It was a steamy summer night in the city of Rome. The wind picked up, bringing some relief, but before the night was over a large portion of the city was engulfed in flames. It started in the poorest part of town, where the merchants set up their wares each day. It didn’t take long for the fire to spread through the wooden marketplace. With encouragement from the wind, it spread quickly and destroyed almost 70% of Rome.
Rumors spread that the emperor, Nero, was responsible for the disaster. Did he actually give the order or start the fire himself? Was it true that he sat on the balcony of his palace, fiddling away as the city was consumed? It was reported that Nero hated the ugliness which had infected the majesty of his town and dreamed of creating a more beautiful Rome – with his name attached to it.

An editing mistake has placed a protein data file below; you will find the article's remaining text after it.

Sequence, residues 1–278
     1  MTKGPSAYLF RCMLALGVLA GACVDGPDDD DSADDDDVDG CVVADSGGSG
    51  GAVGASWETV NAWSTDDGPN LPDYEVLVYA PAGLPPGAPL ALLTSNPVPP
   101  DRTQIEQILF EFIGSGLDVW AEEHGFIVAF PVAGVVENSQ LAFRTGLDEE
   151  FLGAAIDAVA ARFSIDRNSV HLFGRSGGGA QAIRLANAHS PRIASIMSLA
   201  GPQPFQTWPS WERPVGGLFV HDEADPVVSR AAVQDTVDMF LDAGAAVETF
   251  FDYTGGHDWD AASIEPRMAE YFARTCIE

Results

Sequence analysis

Nero needed someone to blame and the perfect scapegoat would be the Christians. Their beliefs were infiltrating Rome like the wildfire that spread that night. In order to satisfy the rumors about him, the Christians were taken to the amphitheater and fed to the lions.
There was no truth to the fact that Nero fiddled while his city burned. In fact, he sent his troops to assist in dousing the flames. He also invited the victims to take refuge in his palace. He was not playing a fiddle as is often depicted – he was known for his talent on the lyre – the fiddle had not even yet been invented. There was truth in the fact that Christians would now become the object of even greater persecution.
So the media doesn’t always get it right. Some things never change!